How does God reveal Himself in the liturgy, though? Is it not the laity and the priest that make the liturgy and perform it? Well, yes and no. Yes in the sense that the Church on earth carries out the ceremony of the liturgy as it is handed-down to us by the Church who safeguards it, but it is God acting through the assembly, His Mystical Body on earth, that these ceremonies are able to be carried out.

Dr. Hemming, the author of Worship as a Revelation, notes that the liturgy is handed-down to us by the Church who safeguards the liturgy because that is how Christ handed-down to us how to worship. Therefore, the rubrics of the liturgy are there to be observed, not broken, because if the liturgical ceremony is altered, the Church cannot receive the fullness of God's revelation to man through His Church.

The liturgy is where the Church, the assembled members of the Mystical Body of Christ on earth, respond to God's call in their lives to encounter God in His revelation; this revelation is the liturgy. Praying the liturgy is not so much learning how to talk to God, but how to listen to Him. In the liturgy, then, we learn to listen for God calling to us so we may respond more fully to His revelation to us.

P.S. Here is the link to the book on Amazon.

Friday, October 14, 2011

My Sacrifice and Yours

For too long now many Catholics have assumed that it is the priest that is performing the actions of the Mass solely by himself and mutually exclusive of the laity. While others have assumed that the laity is the one acting while the priest is just "there." Both of these are wrong, and the Church's liturgical theology makes this quite apparent.

After the Offertory Prayers ("Blessed are you, Lord God of all creation, through your goodness we have this . . . .") the prayer of the priest to the people is "Pray, my brothers and sisters, that this our sacrifice may be acceptable to God the almighty Father." In the Third Edition of the Roman Missal in English, which is being put into effect the First Sunday of Advent, November 27, 2011, the priest will now say, "Pray, brothers and sisters, that my sacrifice and yours may be acceptable to God the almighty Father." What is "my sacrifice and yours"?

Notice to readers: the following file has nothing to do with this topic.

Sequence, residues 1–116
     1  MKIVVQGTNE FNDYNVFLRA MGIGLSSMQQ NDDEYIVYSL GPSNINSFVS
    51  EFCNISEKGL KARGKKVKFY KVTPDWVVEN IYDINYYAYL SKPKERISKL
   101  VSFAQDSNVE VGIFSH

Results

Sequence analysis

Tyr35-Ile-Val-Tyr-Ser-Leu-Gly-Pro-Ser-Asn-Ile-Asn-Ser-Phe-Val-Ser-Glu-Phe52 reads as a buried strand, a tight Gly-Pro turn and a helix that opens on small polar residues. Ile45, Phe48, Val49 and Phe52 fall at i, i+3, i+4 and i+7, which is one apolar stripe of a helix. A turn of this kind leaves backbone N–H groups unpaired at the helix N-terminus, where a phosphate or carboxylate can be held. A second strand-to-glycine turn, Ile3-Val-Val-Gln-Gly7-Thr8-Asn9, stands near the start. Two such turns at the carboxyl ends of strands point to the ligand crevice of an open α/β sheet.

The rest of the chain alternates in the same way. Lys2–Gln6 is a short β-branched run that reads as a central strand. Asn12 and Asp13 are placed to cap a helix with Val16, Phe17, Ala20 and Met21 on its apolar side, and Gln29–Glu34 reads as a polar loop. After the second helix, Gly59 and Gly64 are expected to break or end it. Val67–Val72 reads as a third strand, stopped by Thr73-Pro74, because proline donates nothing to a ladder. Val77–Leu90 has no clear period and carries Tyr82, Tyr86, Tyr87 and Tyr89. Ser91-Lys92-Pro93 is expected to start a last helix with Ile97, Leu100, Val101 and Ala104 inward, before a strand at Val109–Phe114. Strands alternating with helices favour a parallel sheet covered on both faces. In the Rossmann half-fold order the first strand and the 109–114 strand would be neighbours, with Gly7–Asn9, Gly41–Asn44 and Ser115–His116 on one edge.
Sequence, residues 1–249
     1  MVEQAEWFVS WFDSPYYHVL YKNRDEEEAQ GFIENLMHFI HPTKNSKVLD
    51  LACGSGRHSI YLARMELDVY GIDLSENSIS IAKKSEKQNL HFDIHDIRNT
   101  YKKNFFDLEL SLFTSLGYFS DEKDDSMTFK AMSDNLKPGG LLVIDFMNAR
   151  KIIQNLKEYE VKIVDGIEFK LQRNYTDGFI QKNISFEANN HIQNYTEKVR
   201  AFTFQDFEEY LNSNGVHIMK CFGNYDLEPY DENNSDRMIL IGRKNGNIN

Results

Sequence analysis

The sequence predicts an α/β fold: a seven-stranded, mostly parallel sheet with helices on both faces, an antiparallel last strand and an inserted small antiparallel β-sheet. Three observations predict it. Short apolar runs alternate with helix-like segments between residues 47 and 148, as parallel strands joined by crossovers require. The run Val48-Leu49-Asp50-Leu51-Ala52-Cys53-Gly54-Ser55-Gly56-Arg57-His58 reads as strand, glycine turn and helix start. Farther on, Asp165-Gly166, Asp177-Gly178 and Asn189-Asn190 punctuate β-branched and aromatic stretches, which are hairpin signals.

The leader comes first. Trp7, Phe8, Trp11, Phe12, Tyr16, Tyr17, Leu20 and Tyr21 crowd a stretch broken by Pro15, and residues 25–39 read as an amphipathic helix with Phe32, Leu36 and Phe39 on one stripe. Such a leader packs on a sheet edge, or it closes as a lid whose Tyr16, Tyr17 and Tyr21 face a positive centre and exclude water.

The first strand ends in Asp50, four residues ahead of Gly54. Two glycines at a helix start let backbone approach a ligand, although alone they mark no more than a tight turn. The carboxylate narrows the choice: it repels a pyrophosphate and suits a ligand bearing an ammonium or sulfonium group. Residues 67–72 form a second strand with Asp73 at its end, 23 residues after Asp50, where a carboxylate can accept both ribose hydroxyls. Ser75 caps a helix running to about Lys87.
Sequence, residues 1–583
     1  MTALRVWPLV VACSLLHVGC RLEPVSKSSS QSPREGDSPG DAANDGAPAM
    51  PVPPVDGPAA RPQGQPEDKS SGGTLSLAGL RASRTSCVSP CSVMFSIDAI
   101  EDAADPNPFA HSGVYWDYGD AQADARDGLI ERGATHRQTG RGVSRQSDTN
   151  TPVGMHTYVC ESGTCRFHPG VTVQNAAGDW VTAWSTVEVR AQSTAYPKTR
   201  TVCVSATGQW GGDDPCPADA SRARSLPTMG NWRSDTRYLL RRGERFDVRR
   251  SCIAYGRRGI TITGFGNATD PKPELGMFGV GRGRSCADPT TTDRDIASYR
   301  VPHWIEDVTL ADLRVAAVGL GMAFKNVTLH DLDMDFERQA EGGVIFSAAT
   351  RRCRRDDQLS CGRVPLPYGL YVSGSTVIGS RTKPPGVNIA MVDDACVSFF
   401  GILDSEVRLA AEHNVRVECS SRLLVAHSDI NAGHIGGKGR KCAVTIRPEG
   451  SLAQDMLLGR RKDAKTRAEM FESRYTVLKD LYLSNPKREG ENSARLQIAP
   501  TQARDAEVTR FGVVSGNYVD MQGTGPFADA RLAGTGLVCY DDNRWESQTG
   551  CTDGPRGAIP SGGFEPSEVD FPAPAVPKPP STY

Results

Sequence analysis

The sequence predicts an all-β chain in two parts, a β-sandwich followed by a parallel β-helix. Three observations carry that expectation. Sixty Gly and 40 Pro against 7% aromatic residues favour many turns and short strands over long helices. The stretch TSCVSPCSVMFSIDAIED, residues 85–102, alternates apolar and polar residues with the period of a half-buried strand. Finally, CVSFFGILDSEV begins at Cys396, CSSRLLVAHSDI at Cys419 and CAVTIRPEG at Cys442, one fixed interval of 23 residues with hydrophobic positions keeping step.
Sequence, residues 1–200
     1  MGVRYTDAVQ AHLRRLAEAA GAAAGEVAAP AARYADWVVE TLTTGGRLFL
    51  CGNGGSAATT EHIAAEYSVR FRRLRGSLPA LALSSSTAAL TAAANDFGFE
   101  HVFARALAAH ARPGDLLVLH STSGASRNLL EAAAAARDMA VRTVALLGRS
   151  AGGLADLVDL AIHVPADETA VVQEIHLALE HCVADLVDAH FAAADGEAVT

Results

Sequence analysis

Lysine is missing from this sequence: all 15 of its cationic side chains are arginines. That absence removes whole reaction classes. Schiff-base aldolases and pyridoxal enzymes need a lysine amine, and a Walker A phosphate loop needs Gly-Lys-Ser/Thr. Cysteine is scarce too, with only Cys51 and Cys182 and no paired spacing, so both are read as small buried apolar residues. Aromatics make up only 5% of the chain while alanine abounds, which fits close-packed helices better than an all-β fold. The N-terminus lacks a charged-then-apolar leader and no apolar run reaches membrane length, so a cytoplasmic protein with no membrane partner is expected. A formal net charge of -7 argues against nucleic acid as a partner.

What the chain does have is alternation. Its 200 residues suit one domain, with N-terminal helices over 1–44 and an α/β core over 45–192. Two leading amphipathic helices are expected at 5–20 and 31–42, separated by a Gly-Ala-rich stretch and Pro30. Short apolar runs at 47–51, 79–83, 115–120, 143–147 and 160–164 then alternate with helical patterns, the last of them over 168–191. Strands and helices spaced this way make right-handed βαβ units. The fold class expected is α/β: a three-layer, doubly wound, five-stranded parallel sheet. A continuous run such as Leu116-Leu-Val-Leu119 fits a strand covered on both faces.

In the Mass, the people AND the priest offer sacrifice back to God in heaven. Although this have been overlooked in the past 50 years of the Church, this theology is coming back into the Church's liturgy. But you may be asking, "How can the laity offer a sacrifice to God? We are not priests." Yes and no. The laity are priests by virtue of their baptisms. In 1 Peter 2:9, Saint Peter writes, "But you are 'a chosen race, a royal priesthood, a holy nation, a people of his own, so that you may announce the praises' of him who called you out of darkness into his wonderful light."  This idea that the people of God are a chosen priesthood is repeated through the Bible (Cf: Ex 19:6Is 61:6Rev 1:620:6).

The laity are priests and therefore can offer a sacrifice of praise back to God the Father in heaven. Jesus, as the High Priest of the New Covenant, left us an example when He did the will of His Father, to redeem of all creation and bring it back in union with God the Father in heaven. The laity offer their daily sacrifices, whether that be of praise, struggles, joys, sorrows, whatever. The laity offer themselves and their prayers, works, joys, and sufferings in union with the priest's sacrifice in the Mass.

While the laity may be priests, they are members of the Priesthood of the Baptized. The Priesthood of the  Baptized still participates in the one priesthood of Jesus Christ. Part of Christ's one priesthood is the ministerial priesthood. The ordained priesthood still has the duty to perform the actual sacrifice of the Mass, but it cannot be done without the help of the Priesthood of the Baptized. If you try to separate the two, you are separating Christ's essence as a priest. Christ came to call all sinners to righteousness, not some and others not.